15 Brutally Honest Reasons You’re Not As Successful As You Want To Be

15 Brutally Honest Reasons You’re Not As Successful As You Want To Be

Humans crave success, even those who aren’t chasing the top rung of the corporate ladder. We want successful relationships, successful hobbies, successful finances, and even successful bucket lists. Yet, if most of us are honest, we aren’t successful at all things all the time. In fact, some of us might be failing in these categories, wondering where we’ve gone wrong.

Take a look at 15 brutally honest reasons you’re not as successful as you want to be:

1. You have a perfection-or-nothing mindset.
woman studying at home.

If you struggle with perfectionism, your mindset is likely your biggest enemy. If you can’t be completely successful the first time, whether that’s with your woodworking hobby or a payment plan for an upcoming vacation, you get frustrated, give up, and would rather not try again for fear of being anything less than perfect.

2. You ignore healthy criticism.

Some people are going to hate on you simply because they’re only happy when others are miserable, or because they are deeply jealous of your success thus far. However, the people who love us and want us to succeed offer healthy criticism— blunt advice, so to speak. This isn’t because they are judging us but because they want to help us along the way. If you can’t take healthy criticism and apply it to your job, health goals, relationships, etc., you’ll stunt your success.

3. You can’t face your failures.

Perfectionist or not, it’s hard for most of us to face our failures. It’s a shot to our pride, a blow to our ego, and the development of a diabolical inner critic if left unchecked. If we aren’t willing to accept failure as part of the journey, our inner critic’s voice will control us, convincing us to not try again.

4. You won’t consider all the facts.

The truth can hurt. Even still, to be successful, you must consider all the facts. Let’s say you love to travel—a trip to Europe might be the biggest goal on your bucket list. But if you’re drowning in student debt or have a hefty credit card bill, that vacation needs to be put on hold. That doesn’t make you a failure, but it means you need to step back, reassess what’s doable, and define success as being mature enough to regroup.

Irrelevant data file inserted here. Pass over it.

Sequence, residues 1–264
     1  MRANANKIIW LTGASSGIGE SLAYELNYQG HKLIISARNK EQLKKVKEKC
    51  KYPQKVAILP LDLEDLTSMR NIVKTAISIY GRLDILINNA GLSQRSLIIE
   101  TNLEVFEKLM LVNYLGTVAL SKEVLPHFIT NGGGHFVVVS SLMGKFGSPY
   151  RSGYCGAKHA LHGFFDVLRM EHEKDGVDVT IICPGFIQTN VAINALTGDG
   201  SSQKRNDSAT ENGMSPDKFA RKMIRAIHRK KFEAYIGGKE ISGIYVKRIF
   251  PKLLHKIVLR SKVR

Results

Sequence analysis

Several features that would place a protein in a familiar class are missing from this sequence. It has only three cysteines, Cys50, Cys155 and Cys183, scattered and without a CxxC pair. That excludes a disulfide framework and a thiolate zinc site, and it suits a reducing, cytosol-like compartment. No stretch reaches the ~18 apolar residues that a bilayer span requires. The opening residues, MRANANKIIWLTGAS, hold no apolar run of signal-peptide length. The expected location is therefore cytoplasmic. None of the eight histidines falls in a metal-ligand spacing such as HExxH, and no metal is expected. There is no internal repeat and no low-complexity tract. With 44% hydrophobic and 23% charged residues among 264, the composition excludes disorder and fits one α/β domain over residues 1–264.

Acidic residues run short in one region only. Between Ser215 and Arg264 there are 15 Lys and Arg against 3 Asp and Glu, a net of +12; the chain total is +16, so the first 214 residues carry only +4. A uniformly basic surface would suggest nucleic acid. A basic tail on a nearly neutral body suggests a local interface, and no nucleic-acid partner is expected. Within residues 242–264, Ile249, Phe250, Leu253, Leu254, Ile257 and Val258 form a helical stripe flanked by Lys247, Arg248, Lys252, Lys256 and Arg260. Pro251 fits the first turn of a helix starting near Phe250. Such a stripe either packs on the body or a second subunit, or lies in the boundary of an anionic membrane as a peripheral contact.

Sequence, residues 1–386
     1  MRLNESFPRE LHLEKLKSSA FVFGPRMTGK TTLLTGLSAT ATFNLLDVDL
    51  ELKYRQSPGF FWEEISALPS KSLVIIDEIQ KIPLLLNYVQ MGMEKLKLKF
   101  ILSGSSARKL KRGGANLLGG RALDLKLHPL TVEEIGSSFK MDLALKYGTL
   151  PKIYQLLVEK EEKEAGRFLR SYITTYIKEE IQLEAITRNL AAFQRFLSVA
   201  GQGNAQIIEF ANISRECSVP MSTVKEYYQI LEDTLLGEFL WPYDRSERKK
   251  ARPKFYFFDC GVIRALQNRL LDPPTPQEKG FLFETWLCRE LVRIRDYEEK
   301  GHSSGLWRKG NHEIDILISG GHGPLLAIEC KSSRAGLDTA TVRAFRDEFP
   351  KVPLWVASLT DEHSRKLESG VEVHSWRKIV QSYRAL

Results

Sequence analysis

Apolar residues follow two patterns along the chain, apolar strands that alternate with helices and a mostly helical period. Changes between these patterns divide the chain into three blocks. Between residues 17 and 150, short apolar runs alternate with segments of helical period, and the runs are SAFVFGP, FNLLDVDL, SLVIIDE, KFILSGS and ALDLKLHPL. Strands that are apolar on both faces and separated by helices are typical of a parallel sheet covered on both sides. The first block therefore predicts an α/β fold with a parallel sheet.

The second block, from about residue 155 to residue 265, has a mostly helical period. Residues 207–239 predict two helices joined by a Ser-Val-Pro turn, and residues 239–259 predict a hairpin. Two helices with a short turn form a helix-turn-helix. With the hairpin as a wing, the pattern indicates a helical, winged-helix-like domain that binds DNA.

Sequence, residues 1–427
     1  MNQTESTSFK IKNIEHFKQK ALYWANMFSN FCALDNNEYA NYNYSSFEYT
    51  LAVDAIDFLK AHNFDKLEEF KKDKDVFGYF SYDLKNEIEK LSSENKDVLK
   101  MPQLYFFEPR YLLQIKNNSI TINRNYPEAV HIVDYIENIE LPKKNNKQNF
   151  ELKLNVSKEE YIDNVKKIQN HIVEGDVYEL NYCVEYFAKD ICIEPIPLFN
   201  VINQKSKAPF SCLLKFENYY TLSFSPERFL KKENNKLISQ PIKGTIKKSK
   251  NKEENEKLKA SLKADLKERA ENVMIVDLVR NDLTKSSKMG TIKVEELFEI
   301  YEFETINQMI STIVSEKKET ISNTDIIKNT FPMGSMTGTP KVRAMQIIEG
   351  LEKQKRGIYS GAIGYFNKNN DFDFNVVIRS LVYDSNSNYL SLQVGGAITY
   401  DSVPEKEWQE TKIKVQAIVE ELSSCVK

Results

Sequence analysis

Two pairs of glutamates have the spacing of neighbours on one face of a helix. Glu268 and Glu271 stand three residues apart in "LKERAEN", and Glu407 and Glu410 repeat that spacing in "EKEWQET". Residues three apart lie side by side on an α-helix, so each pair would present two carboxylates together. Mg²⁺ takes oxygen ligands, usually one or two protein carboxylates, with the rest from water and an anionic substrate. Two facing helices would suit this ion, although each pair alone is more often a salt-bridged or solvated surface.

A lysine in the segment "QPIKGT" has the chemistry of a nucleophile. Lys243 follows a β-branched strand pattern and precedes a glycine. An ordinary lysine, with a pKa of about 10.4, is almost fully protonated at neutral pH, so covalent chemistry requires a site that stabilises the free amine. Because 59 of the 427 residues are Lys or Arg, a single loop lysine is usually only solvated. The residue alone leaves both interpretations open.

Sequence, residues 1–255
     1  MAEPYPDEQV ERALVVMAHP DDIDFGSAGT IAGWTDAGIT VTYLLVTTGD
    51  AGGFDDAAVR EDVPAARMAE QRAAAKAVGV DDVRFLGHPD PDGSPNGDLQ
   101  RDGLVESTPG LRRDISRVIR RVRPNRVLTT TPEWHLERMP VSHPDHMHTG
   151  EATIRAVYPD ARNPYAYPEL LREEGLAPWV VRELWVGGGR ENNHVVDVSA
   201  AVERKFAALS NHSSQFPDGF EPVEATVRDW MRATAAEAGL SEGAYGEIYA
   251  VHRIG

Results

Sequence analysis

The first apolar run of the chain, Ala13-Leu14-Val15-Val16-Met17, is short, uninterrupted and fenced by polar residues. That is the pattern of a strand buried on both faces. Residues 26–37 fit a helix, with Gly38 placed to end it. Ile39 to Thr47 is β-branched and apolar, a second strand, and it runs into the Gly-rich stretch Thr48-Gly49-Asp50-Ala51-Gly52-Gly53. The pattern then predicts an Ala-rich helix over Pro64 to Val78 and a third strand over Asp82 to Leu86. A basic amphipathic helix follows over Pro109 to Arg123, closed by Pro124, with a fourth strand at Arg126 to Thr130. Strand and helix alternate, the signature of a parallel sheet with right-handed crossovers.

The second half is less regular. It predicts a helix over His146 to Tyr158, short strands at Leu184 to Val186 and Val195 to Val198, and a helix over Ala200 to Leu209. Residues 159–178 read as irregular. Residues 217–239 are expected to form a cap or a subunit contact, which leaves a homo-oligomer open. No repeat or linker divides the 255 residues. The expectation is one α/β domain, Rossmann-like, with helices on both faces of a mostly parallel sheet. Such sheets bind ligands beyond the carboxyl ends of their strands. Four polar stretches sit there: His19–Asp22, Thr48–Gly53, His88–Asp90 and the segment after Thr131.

5. You let your ego call the shots.

It feels good when we are the best at something—when we ace the tests, date the most popular person on the college campus, land the executive position, travel all over the world, own a booming side business, etc. However, if being the best at something creates a pompous ego, beware! You can’t let your ego call all the shots if you want to be successful. Long-term success often requires a healthy dose of humility.

6. You can’t handle healthy competition.

Like it or not, competition finds you in all stages of life. You go up against other candidates for jobs. You compete against other suitors in romantic relationships. Success, “winning,” often requires a little competition. Positive competition stirs us on, challenging us to do our best on our path to success.

7. You make no room to pivot.

We can’t always control setbacks. Some are as basic as a flat tire and others like health crises or the death of a loved one. Nonetheless, when life gets hard, we only have two choices: give up our goals and quit, or pivot and move forward. Sometimes, this pivot requires extra help, especially if a setback takes an emotional or mental toll on us, but being willing to pivot and utilize those resources makes the difference.